Orion is releasing a serialised novella by "Downton Abbey" creator and writer Julian Fellowes as part of a “groundbreaking” new app and storytelling experience.
Fellowes’ historical drama, set in the 1800s, is to be released as a "new publishing product" that will be drip-fed over a period of 10 weeks through to e-readers and devices in weekly instalments. Crediting the app's "roots" in the serialised writings of Dickens, Hardy and Gaskell, the first (free) and second (not free) "episodes" will be available on 8th April. Subsequent episodes will be made available weekly each following Friday at noon.
The app itself is free, including the prologue and first episode written by Fellowes. However, to read, or to listen, on (episodes can also be listened to as audiobooks), beyond episode one customers will need to make a purchase from Google Play or iTunes App stores, suitable for both smartphones (whether iPhones or android) and tablet usage, or from the website. Users can either buy all 10 further episodes upfront "on subscription" for £9.99, which are then automatically delivered to users week-by-week, or in instalments at £1.49 per episode. Alerts when new episodes are available will be sent.
“Made easy”, the app is available on any device and users can switch between text and audio. Each episode will contain extra content around the story such as video, music, character portraits, maps of Belgravia, background information on the history of the period, fashions, family trees and exclusive competitions - much of which can be linked to directly from the text.
Orion promises the app, building up the story in bite-sized instalments, will be "complete with twists and turns and cliffhanger endings". The plot itself revolves around the relationships between two families, and launches the story from the Duke of Wellington's ball In Brussels. The ball is eventful because, just before 1a.m., a messenger reveals that Napoleon has advanced across the border; and, still in their finery, officers rush to fight, leaving many dead on the battlefield.
From this historical starting point, attending the ball are social climbers James and Anne Trenchard, along with their beautiful daughter Sophia who has "caught the eye of" Edmund Bellasis, son and heir of one of the most prominant families. At the ball, "something" else happens however to change the course of events for both families forever. What exactly this "something" is, readers won’t find out until the end of the serial, but, according to Orion, it has a "seismic effect on all their lives". This is evident 25 years later in Belgravia where episode two shows the families have settled yet "the consequences of this terrible secret still resonate".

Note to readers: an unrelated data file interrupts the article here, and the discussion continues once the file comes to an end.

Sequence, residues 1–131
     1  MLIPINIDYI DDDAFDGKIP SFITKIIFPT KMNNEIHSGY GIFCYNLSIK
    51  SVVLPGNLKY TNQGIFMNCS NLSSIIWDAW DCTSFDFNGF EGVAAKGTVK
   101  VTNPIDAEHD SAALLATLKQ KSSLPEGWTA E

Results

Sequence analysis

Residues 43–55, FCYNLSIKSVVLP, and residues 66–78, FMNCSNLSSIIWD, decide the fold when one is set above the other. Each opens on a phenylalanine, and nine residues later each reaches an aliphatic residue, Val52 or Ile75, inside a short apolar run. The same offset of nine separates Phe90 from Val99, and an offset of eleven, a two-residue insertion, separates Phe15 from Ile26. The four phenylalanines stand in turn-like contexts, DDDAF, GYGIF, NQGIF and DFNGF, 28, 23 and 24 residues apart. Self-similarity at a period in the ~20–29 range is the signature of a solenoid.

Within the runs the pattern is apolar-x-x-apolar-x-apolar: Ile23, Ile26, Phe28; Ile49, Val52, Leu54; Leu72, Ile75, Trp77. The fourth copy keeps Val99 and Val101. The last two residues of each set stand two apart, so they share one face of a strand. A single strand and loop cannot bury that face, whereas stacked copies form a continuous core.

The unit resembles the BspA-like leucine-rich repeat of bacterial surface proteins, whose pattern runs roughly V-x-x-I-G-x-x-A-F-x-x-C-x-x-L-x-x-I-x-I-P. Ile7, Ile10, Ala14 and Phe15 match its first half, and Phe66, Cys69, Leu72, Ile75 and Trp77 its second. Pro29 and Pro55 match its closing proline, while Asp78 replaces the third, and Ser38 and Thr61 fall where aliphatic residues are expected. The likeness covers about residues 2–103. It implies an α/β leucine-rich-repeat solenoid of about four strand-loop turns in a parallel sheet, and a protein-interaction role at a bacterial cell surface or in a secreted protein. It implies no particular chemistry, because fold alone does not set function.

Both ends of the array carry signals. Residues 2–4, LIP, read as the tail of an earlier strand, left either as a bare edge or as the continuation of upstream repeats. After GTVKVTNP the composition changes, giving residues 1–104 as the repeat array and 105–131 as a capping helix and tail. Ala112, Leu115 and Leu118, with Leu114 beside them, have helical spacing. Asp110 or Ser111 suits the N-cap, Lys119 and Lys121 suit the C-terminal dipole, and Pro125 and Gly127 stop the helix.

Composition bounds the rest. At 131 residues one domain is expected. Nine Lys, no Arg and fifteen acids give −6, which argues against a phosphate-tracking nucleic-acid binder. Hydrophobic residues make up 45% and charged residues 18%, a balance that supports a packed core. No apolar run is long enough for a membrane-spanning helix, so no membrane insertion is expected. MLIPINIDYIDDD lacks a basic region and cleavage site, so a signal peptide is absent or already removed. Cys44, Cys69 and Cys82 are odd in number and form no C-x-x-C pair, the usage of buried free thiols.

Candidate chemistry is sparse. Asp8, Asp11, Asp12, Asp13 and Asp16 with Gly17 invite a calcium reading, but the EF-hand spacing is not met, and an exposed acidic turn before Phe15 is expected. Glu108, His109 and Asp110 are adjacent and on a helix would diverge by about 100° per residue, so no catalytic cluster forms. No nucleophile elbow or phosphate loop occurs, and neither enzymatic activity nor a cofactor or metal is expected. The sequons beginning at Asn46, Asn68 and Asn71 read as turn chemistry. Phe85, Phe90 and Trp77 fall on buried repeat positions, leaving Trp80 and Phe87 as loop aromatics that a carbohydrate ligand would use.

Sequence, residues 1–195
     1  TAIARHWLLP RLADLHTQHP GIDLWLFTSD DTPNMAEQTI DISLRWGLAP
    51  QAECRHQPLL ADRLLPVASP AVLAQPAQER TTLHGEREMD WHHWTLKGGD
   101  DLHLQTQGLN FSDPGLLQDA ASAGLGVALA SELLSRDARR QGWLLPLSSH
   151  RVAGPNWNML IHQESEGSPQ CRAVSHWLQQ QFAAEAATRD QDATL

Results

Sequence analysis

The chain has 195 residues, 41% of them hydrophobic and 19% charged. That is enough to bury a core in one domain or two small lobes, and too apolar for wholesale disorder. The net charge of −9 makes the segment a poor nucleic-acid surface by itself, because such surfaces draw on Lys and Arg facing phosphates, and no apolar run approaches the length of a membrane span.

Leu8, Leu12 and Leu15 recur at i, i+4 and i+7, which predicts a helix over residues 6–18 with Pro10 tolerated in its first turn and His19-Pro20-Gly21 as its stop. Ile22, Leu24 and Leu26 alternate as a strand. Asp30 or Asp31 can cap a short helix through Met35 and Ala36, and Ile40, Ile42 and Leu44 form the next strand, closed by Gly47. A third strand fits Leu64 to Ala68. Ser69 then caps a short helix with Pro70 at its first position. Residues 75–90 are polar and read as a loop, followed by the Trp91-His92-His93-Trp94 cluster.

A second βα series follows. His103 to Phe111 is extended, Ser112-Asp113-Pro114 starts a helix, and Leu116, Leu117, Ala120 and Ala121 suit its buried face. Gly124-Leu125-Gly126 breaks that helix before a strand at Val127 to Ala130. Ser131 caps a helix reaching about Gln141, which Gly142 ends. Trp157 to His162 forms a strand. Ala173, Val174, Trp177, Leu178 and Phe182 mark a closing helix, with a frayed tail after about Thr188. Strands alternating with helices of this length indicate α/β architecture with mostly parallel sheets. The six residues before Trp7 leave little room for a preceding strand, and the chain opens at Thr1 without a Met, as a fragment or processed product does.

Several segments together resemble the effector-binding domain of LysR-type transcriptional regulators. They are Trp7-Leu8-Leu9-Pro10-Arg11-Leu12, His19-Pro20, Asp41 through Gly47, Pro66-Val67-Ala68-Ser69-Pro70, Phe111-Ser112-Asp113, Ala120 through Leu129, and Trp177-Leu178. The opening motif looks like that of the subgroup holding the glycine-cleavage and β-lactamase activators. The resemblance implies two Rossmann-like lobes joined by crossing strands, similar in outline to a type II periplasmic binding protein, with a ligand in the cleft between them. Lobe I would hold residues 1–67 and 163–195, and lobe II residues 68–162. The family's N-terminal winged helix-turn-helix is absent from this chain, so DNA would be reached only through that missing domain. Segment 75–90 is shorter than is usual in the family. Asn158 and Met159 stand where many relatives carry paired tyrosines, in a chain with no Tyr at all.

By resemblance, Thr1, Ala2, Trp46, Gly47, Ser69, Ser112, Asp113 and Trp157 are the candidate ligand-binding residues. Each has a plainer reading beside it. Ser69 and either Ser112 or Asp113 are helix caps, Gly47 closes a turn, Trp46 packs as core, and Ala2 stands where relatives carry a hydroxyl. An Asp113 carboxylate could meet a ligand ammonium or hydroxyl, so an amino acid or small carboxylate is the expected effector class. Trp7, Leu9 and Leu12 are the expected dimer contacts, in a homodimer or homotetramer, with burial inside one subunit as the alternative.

Fellowes said: “I was very intrigued by the idea from the start. To marry the traditions of the Victorian novel to modern technology, allowing the reader (or listener) an involvement with the characters and the background of the story and the world in which it takes place that would not have been possible until now, and yet to preserve within that the strongest traditions of story-telling, seems to me a marvellous goal and a real adventure. I am terribly grateful to Orion for giving me this chance.”
Fellowes has received the Academy Award for Best Original Screenplay for "Gosford Park" (2002) and was nominated for eight Emmy Awards for "Downton Abbey", which saw its TV finale aired on Christmas Day. Assisting him are the app's "historical consultant" Lindy Woodhead, the author of Shopping, Seduction & Mr Selfridge (Profile Books) behind ITV's adaptation, the Sunday night drama "Mr Selfridge"; and "editorial consultant" Imogen Edward-Jones, an international bestselling author, columnist and scriptwriter, best-known for the Babylon series of books that served as BBC1's inspiration for hit TV series "Hotel Babylon".
Orion has also partnered with the National Trust by featuring two thinly-veiled properties, Montacute House and Attingham Park, as part of the story. The partnership is designed "to bring the story and extraordinary historical period to life" while the National Trust and Orion can cross-promote, for example, Fellowes has already agreed to be interviewed in the National Trust’s tri-annual publication.
Two focus groups informed the “iterative” development process behind the creation of the app, which publishers expect to be popular with women in particular across age groups. According to Orion's digital developer Marissa Hussey, using their feedback, screen and user designs were able to be honed. Attention to detail will go so far as for the website's landing page to change according to day or night-time access and, during loading, for horse carriage wheels in the app's logo to spin. And visual elements such as the family tree and map will meanwhile grow week-by-week so as not to give anything from the plot away. "A big team effort", inhouse cover designer Abigail Hartshorne meanwhile designed all the screens, while the app's outsourced developers are The Project Factory, who have previously worked on mobile apps for both "Downton Abbey" and "Sherlock" TV series.
Jon Wood, group publisher for Orion Publishing, said: “This project represents the next evolution of digital storytelling. Open-ended, responsive, multi-media and – above all – created by one of the foremost teller of tales of this generation. It fuses the best of book publishing with the immediacy of television, podcasting and radio. Nothing on this commercial scale has been attempted by the industry before, and we believe that Belgravia will open up new vistas for digital publishing, readers and reading generally.
"I am so grateful to Julian Fellowes for seeing this potential and bringing the idea alive with his usual skill and finesse. In Belgravia, he has created a compelling world of 19th century intrigue, politics, passion and family strife. It’s going to be quite a ride.”